By Srikanth Balusani, MST Solutions
Here are some practical considerations to make before implementing it in your business.
As IT and business leaders, we’re all familiar with high-gloss examples of artificial intelligence — the expansive concept that involves a machine’s ability to carry out human tasks after being fed copious amounts of data that is trained with algorithms. AI has indeed been glamorized (and in some cases, chastised) by the advent of self-driving cars, listening and machine learning technologies like Alexa and Siri, and the robots that use IoT and AI to carry on a conversation or carry out tasks like controlling home appliances.
We wouldn’t be technologists if we didn’t enjoy hypothesizing about AI’s future applications. But, how will this forward-thinking technology actually play out in business? Is it even applicable to most? While 72 percent of business leaders said integrating AI would be a “business advantage,” according to a study by PwC, a similar survey by McKinsey found that “few companies have in place the foundational building blocks that enable AI to generate value at scale.”
To understand its implications, we first have to look at the current state of artificial intelligence, how it can be applied in various use cases in business, and then determine whether it is truly a feasible solution to your needs.
What Is The True Current State Of AI Technology?
Despite some fears that AI will displace human jobs, in its current state, AI is primed to be leveraged by businesses looking to enhance the work of humans. In fact, many experts argue that the technology will create new jobs and allow employees to further develop their careers due to the fact that AI automates the rote, repetitive tasks that burden employees and take them away from other important tasks. From entering routine updates to accounting systems or chatbots for customer service, AI is freeing up knowledge workers to concentrate on what they do best. A recent Accenture study demonstrates this, showing that integrating AI into workflows can boost business productivity by up to 40 percent.
What’s more, the somewhat onerous task of building and training AI tools is in some cases now being handled by other AI tools. A shortage of artificial intelligence technology experts paired with an exponential boom in demand has made this an attractive option―one that companies like Google are already leveraging with its AutoML project, H2O.ai with its Driverless AI platform, Microsoft Azure with its Machine Learning Studio, and Salesforce with Einstein.
Don’t want to hand over the development of your AI tools to other AI tools? Startups like Lobe, which was recently acquired by Microsoft, have introduced drag-and-drop interfaces for devising deep-learning algorithms, no knowledge of code required.
How To Uncover Practical AI Use Cases
Now, those are some of the higher-level ways in which some companies are utilizing AI today, but is it truly practical for businesses where proprietary technology is not a core focus? To understand whether the technology is a good fit for your organization, start by identifying specific use cases. This assessment should involve three steps, each steeped in collaboration.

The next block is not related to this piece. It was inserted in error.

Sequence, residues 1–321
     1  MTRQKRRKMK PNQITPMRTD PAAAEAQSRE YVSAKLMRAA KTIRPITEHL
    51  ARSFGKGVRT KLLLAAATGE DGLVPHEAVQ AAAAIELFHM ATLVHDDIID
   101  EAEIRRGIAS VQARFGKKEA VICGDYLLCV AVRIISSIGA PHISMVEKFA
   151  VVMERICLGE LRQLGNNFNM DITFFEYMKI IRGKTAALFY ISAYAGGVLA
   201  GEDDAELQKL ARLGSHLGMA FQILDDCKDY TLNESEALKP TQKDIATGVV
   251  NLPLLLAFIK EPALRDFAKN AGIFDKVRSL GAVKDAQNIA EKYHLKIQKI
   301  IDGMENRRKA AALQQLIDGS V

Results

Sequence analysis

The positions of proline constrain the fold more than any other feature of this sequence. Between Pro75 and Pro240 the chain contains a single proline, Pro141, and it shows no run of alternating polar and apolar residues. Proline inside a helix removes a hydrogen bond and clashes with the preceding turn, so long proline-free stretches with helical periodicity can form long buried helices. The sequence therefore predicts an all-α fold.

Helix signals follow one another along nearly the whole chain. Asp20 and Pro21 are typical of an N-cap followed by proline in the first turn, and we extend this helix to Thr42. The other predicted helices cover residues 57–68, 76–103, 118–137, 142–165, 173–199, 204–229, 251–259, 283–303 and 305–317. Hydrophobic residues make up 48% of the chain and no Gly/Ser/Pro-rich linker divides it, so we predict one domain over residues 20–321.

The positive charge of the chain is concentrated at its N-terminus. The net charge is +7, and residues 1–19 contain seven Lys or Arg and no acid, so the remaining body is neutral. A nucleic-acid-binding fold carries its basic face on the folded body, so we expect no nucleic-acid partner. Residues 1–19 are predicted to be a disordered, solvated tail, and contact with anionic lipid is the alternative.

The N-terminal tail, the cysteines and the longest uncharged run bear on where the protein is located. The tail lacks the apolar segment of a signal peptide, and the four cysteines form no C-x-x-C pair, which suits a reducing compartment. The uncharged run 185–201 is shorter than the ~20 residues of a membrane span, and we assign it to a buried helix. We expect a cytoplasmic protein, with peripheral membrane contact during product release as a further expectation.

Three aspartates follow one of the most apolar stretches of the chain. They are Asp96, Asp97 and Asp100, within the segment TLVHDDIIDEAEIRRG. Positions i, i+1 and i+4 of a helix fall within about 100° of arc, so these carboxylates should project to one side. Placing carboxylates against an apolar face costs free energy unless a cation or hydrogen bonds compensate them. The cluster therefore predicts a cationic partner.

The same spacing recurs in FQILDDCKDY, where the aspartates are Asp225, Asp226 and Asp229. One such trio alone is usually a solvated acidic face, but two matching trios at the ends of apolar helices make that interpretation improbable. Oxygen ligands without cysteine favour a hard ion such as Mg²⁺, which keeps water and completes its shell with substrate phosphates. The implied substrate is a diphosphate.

We recently used this process to develop a Salesforce implementation for one of our large enterprise clients who had historically been burdened by a very complicated sales process. After talking to stakeholders, we learned that the existing system was cumbersome and it was very difficult to manage the numerous variables within the system resulting in new sales reps taking months to onboard. To solve this challenge, we turned to Salesforce’s AI tool Einstein to create a custom integration that will provide real-time, situational learning. Based on the current work the sales rep has on their screen or step they are at in the sales process, relevant help content will automatically be served up to guide them through it.
By automatically serving up relevant information to new sales reps, it will reduce onboarding time from months to a matter of a couple of days. This means new members of the sales team will be up and running faster, and ― you guessed it ― making sales earlier. All of which leads to better employee retention and cost savings.
More food for thought: When selecting pilot use cases, make sure you consider the volume of requests, insights which are hard for humans to surface, the complexity of tasks, and level of dialogue AI would be shouldering. Do you have access to a quality data set? When it comes to AI, the old adage, “Garbage in, garbage out,” applies. Your AI application will only be as accurate as the data you feed it. Additionally, if your data is siloed between different teams, it could result in data bias. And perhaps the biggest question: Is your organization really ready for AI?
Establish Goals Before Implementing AI
When it comes to artificial intelligence, part of the process of selecting winning use cases is clearly establishing what business problems you are trying to solve. For example, would leveraging AI help you:
AI might be the buzzword du jour, highlighted by uses cases that may not come to fruition for many years. But in practical terms, it’s very much in reach for companies that do their due diligence, set reasonable expectations and assess the best opportunities to bring the technology into their operational fold.
About The Author
Srikanth Balusani is Chief Technology Officer at MST Solutions, a provider in CRM/marketing automation technology. He brings more than 18 years’ experience developing and delivering innovative solutions. Srikanth is passionate about leveraging cloud platforms, AI, IoT, and conversational UI to build customer-centric solutions and improve business outcomes to help mid-market companies solve real business problems and accelerate growth. He is responsible for driving the technology strategy for MST Solutions to provide world-class solutions to customers.